Water is not used on that kind of construction site. There is nothing to dilute, nothing to clean up. It is a win for the environment in so many ways. Wood is an excellent insulator. It insulates six times better than brick, 12 times better than concrete, and 350 times better than steel.
In addition to the material's intrinsic qualities, wooden building systems insulate especially well. Solid wood panels in particular work well for exterior insulation. Wood houses with the same R-value as other types of construction are more energy efficient and take longer to cool down and heat up, which keeps the occupants comfortable in summer and winter alike. Even once harvested, wood continues to store that atmospheric menace, carbon dioxide. Building with wood is one way to actively fight global warming. It is a renewable material. Producing and using wood uses less energy than other materials. When it comes to production, structural wood consumes six to nine times less energy than bricks and 20 times less than concrete. Wood construction site waste is recyclable. It can be converted to serve other purposes or used as biomass to produce energy.
Wood construction is synonymous with comfort and well-being, because wood is an excellent thermal insulator, which makes for walls that are warm in winter and cool in summer and that can breathe and regulate ambient humidity. Because of its low thermal inertia, houses made of wood warm up quickly, even after standing empty for long periods of time. Wood is such a good insulator that a building made of wood costs about 30% less to heat than an equivalent structure made from concrete, which is 15 times less insulating. Wood is ideal for architectural experimentation. It is easier to customize a habitat with wood than with other materials, by creating volumes and spaces that match each client's vision.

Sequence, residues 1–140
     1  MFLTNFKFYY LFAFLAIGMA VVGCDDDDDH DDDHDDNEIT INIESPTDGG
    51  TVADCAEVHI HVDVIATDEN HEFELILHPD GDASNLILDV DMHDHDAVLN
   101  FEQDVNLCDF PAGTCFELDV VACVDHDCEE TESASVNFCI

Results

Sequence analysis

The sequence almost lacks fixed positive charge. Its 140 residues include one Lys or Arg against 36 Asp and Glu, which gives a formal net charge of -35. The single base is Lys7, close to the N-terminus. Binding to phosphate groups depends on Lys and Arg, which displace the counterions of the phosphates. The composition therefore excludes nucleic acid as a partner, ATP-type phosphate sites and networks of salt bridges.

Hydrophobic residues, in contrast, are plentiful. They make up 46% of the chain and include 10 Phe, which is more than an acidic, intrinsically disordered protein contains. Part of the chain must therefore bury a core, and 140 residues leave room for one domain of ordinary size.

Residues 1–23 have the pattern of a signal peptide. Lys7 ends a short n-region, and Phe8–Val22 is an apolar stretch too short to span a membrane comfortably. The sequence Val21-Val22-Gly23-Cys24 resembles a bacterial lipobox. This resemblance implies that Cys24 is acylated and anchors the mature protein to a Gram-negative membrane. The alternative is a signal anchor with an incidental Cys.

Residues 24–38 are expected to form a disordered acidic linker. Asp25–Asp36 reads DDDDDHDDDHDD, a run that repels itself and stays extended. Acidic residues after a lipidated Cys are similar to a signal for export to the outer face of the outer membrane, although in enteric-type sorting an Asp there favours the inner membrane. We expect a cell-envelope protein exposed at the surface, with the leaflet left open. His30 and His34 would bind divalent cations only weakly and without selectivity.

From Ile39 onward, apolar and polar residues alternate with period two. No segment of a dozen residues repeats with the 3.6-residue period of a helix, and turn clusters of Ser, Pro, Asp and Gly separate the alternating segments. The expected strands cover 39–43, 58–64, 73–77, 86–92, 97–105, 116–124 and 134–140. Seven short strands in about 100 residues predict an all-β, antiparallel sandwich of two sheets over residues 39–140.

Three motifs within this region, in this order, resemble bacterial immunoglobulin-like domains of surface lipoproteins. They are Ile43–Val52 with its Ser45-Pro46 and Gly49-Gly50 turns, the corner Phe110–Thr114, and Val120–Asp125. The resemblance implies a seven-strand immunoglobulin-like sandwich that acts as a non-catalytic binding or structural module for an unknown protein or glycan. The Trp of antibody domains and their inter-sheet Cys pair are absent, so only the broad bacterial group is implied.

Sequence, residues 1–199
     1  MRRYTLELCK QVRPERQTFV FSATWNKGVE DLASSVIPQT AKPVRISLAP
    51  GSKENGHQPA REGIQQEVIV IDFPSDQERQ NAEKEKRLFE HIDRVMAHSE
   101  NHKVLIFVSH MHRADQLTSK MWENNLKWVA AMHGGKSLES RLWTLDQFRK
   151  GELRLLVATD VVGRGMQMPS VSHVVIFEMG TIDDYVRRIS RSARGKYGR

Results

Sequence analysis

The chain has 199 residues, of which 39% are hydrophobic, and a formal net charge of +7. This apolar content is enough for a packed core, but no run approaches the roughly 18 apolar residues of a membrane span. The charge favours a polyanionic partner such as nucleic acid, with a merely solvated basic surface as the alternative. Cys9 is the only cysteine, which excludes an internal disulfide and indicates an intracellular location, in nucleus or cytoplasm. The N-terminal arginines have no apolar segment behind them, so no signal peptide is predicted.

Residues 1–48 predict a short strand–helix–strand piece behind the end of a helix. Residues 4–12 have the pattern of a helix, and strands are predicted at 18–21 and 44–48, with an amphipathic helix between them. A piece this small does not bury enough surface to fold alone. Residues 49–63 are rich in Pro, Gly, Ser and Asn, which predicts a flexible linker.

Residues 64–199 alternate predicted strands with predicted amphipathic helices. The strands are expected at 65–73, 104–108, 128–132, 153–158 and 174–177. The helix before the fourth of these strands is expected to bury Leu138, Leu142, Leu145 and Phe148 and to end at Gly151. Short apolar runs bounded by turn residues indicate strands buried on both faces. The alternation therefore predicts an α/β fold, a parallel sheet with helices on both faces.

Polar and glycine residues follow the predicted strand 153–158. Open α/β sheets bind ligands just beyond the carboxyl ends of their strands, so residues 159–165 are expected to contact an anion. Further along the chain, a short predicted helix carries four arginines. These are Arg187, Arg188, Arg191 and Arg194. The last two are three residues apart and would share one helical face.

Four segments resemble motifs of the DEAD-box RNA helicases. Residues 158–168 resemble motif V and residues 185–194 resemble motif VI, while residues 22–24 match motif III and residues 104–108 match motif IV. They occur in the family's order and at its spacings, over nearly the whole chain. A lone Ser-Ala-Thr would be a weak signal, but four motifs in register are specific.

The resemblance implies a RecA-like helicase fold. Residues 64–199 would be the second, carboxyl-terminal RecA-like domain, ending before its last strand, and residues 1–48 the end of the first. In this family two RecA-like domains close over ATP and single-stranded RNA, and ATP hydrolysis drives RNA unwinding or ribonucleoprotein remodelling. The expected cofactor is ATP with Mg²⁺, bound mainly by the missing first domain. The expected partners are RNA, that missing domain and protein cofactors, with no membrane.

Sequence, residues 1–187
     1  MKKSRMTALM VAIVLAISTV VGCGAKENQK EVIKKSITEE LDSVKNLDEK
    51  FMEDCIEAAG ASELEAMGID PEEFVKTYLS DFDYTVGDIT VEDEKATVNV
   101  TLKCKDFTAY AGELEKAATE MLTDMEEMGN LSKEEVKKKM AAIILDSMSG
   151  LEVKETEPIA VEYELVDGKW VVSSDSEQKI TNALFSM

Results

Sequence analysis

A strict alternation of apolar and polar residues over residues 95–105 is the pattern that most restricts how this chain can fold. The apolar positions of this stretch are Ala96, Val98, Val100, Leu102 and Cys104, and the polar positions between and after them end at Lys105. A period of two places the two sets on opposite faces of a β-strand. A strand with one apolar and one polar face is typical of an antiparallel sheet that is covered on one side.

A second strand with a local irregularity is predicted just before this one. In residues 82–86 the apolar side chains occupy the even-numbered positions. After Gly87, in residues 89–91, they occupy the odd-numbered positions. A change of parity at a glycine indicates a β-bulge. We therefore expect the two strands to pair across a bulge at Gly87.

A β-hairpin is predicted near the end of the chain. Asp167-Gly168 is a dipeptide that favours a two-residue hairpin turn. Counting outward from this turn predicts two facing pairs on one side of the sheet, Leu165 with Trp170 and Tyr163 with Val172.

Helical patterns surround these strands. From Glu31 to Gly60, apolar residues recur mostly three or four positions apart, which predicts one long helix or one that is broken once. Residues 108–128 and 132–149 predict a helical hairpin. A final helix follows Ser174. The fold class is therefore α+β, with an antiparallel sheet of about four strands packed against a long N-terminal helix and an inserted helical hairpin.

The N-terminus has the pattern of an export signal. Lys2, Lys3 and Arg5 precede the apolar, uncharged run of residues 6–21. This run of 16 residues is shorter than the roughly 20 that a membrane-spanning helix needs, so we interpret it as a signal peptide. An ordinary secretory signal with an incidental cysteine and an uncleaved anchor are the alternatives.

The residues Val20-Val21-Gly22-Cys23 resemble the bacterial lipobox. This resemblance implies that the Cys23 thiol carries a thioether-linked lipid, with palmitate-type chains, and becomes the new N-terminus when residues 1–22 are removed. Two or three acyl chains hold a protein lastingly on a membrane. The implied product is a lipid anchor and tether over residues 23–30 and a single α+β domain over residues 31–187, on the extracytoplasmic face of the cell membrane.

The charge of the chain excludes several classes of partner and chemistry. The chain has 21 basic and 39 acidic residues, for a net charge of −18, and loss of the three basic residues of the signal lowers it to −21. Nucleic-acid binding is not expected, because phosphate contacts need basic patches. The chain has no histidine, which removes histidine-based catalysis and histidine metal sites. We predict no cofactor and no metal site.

Wood has long had an unfair reputation as a highly combustible material. However, it is now recognized that wood is in fact stable under fire conditions. It is not deformed by heat, so it retains its mechanical characteristics. It does not burn, but chars slowly, giving firefighters more time to respond than any other type of building. It also releases little toxic gas when burning. Fire risks typically involve electrical wiring, heating equipment, kitchens, and curtains and furniture. Wood construction is fully consistent with current fire codes.
In closing, a forest is like a big garden, and we have everything to gain from bills that will help us cultivate our forests and develop new architectures, which is what the bill introduced by my colleague from South Okanagan—West Kootenay does by promoting the use of wood in the construction of government infrastructure. I would also like to give a shout-out to the Association forestière Saguenay–Lac-St-Jean, which has done so much to make people aware of forestry and works to find innovative ways to use wood and build with wood. This association is also educating people about how our forests help our environment and how everyone benefits when wood is used in construction.
The government has been emphasizing the importance of supporting the forestry industry. I therefore urge it to put words into action by passing the bill introduced by my colleague from South Okanagan—West Kootenay.